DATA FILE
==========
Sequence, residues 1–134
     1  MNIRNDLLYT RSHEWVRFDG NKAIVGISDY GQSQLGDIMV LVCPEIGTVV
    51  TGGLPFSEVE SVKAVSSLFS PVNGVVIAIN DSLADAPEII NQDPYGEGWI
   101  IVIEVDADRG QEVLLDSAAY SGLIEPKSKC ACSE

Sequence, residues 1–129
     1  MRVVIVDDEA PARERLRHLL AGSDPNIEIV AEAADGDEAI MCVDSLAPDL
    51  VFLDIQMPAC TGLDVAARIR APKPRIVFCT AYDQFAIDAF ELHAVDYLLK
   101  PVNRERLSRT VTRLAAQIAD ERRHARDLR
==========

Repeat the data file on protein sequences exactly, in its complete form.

Sequence, residues 1–134
     1  MNIRNDLLYT RSHEWVRFDG NKAIVGISDY GQSQLGDIMV LVCPEIGTVV
    51  TGGLPFSEVE SVKAVSSLFS PVNGVVIAIN DSLADAPEII NQDPYGEGWI
   101  IVIEVDADRG QEVLLDSAAY SGLIEPKSKC ACSE

Sequence, residues 1–129
     1  MRVVIVDDEA PARERLRHLL AGSDPNIEIV AEAADGDEAI MCVDSLAPDL
    51  VFLDIQMPAC TGLDVAARIR APKPRIVFCT AYDQFAIDAF ELHAVDYLLK
   101  PVNRERLSRT VTRLAAQIAD ERRHARDLR